Now the result of this is fourfold: among the tender-minded, despondency; among the vainer, spiritual pride; in the case of the slavish, superstition; with the hard-minded, infidelity. Ponder it well, and you will find these four things rife among us: despondency, spiritual pride, superstition, and infidelity. In this way we have been going on for many years. In the midst of all this, we are informed that the confessional is at work again, for which astonishment and indignation are loudly expressed. It is not to be borne that the priests of the Church of England should confess and absolve in private. Yet it is only what might have been expected.
With our Evangelicalism, Tractarianism, Scribeism, Pharisaism, we have ceased to front the living fact—we are as zealous as Scribes and Pharisees ever were for negatives; but in the meantime human nature, oppressed and overborne, gasping for breath, demands something real and living. It cannot live on controversies. It cannot be fed on protests against heresy, however vehement. We are trying to see who can protest loudest. Every book, every journal, rings with warnings. “Beware!” is written on everything. Beware of Rome; beware of Geneva; beware of Germany. There is danger on every side. Satan everywhere—God nowhere. Everywhere some man to be shunned or dreaded—nowhere one to be loved freely and without suspicion.
Is it any wonder if men and women, in the midst of negations, cry, “You warn me from the error, but who will guide me to the Truth? I want guidance. I am sinful, full of evil! I want forgiveness! Absolve me; tell me that I am pardoned; help me to believe it. Your quarrels do not help me; if you cannot do that, it matters little what you can do. You have restricted God’s love, and narrowed the path to heaven. You have hampered religion with so many mysterious questions and quibbles that I cannot find the way to God. You have terrified me with so many snares and pitfalls on every side that I dare not tread at all. Give me peace; give me human guidance: I want a human arm to lean on!”
This is a cry, I believe, becoming daily more passionate, and more common. And no wonder that all our information, public and private, is to the same effect—that the recent converts have found peace in Rome; for the secret of the power of Rome is this—that she grounds her teaching not on variable feelings and correct opinions, but on facts. God is not a highly probable God, but a fact. God’s forgiveness is not a feeling, but a fact; and a material symbolic fact is the witness of the invisible one. Rome puts forward her absolution—her false, priestly, magical absolution—a visible fact, as a witness of the invisible. And her perversion prevails because it is founded on a truth.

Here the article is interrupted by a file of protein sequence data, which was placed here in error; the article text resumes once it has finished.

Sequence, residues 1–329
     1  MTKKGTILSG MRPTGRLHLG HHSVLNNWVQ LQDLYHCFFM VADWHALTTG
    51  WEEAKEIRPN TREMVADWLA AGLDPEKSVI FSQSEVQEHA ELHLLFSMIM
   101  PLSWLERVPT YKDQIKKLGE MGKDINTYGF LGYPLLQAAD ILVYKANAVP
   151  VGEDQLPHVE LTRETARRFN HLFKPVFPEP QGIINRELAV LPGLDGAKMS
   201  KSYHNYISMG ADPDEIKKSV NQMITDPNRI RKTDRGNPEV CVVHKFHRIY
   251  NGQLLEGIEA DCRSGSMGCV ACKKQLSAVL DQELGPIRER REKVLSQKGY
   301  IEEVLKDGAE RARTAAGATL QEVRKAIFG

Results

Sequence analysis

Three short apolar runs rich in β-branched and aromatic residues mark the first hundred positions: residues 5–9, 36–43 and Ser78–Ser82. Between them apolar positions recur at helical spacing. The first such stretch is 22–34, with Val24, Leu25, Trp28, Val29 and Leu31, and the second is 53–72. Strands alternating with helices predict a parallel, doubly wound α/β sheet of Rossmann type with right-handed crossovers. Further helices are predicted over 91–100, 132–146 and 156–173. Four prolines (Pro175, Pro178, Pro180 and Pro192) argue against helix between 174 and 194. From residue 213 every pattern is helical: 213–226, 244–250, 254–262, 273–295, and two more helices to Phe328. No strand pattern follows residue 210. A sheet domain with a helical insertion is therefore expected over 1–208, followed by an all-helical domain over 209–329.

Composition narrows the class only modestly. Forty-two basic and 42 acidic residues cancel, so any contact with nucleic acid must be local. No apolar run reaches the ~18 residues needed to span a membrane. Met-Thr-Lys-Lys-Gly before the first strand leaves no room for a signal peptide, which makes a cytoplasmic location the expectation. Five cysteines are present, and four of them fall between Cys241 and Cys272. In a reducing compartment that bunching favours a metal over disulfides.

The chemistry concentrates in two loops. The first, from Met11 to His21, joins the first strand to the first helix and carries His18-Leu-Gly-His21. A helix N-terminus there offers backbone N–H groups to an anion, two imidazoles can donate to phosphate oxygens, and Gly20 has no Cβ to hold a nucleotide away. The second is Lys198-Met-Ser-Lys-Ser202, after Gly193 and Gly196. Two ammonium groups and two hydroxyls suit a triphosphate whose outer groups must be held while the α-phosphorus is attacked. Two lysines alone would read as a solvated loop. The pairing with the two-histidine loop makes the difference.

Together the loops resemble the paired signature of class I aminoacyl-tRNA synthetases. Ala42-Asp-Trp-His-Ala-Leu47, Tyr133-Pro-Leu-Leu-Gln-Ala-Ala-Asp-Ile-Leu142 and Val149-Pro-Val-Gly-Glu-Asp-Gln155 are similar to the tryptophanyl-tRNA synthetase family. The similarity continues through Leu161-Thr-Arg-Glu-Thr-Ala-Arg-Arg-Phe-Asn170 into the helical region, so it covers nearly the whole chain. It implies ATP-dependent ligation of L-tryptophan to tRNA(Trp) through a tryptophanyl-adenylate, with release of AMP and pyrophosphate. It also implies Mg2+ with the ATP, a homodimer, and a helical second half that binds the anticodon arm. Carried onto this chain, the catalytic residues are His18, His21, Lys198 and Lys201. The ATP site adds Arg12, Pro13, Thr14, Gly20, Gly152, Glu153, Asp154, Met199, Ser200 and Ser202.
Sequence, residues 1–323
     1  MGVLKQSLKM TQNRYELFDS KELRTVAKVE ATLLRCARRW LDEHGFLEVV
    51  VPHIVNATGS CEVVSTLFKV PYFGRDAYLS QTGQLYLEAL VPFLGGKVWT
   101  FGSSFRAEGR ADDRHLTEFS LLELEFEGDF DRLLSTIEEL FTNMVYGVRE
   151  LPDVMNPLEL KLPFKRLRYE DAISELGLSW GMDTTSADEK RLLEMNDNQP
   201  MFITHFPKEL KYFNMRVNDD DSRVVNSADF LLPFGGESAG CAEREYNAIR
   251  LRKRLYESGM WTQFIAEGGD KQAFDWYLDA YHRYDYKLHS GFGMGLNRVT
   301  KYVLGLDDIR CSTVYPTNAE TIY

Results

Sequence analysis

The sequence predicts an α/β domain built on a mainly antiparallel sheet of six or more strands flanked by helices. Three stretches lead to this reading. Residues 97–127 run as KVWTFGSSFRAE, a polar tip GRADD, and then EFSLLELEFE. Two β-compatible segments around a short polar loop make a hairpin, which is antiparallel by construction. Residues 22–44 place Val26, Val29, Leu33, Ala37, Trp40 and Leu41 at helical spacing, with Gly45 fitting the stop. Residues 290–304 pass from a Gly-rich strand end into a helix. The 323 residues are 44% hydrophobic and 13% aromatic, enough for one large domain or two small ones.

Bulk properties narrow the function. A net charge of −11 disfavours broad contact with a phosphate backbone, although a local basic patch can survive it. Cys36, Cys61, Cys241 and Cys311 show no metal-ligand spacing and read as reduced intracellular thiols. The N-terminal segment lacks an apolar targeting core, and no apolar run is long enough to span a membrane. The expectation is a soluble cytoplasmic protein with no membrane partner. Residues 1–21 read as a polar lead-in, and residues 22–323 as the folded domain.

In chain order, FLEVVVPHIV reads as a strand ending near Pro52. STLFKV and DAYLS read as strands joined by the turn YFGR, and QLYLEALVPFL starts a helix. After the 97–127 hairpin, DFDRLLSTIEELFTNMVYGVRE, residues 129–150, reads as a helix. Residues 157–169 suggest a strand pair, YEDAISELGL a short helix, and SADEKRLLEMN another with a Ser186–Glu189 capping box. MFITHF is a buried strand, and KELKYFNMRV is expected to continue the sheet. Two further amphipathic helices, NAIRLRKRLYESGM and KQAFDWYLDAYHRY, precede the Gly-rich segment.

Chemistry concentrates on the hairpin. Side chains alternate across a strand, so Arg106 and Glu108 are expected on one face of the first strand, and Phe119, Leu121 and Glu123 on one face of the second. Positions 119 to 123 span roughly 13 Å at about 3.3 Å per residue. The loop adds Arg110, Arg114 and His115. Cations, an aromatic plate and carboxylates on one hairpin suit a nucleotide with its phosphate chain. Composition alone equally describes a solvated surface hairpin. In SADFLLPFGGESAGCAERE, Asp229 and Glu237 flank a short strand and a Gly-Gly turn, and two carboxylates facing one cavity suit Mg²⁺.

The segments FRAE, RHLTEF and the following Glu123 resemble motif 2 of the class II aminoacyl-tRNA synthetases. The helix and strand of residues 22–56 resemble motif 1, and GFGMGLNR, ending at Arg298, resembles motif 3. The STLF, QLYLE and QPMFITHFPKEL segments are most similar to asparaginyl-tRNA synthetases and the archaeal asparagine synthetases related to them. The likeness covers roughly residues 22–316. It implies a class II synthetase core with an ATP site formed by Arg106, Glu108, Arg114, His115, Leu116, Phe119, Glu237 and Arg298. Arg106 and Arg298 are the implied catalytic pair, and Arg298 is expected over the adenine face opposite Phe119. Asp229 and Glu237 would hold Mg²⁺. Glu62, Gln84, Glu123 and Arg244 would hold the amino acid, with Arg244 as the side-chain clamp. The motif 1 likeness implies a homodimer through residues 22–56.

THE POWER OF THE POSITIVE TRUTH
Is it any wonder—if taught on every side distrust of man—the heart should by a violent reaction, and by an extravagant confidence in a priest, proclaim that its normal, natural state is not distrust, but trust?
What is forgiveness? It is God reconciled to us. What is absolution? It is the authoritative declaration that God is reconciled. Authoritative: that is a real power of conveying a sense and feeling of forgiveness. It is the power of the Son of Man on earth to forgive sins. It is man, God’s image, representing, by his forgiveness on earth, God’s forgiveness in heaven.
Now distinguish God’s forgiveness of sin from an arresting of the consequences of sin. When God forgives a sin, it does not follow that He stops its consequences: for example, when He forgives the intemperate man whose health is ruined, forgiveness does not restore his health. Divine pardon does not interfere with the laws of the universe, for it is itself one of those laws. It is a law that penalty follows transgression. Forgiveness will not save from penalty; but it alters the feelings with which the penalty is accepted. Pain inflicted with a surgeon’s knife for a man’s good is as keen as that which results from the knife of the torturer; but in the one case it is calmly borne because it is remedial—in the other it exasperates, because it is malevolent [evil]. So it is with the difference between suffering from a sin God has forgiven and suffering that seems to fall hot from “the hand of an angry God.” It is a fearful truth, that so far as we know at least, the consequences of an act are connected with it indissolubly [forever]. Forgiveness does not arrest the consequences; but by producing softness and grateful penitence, it transforms them into blessings. This is God’s forgiveness; and absolution is the conveyance to the conscience of the conviction of forgiveness: to absolve is to free—to comfort by strengthening—to afford repose from fear.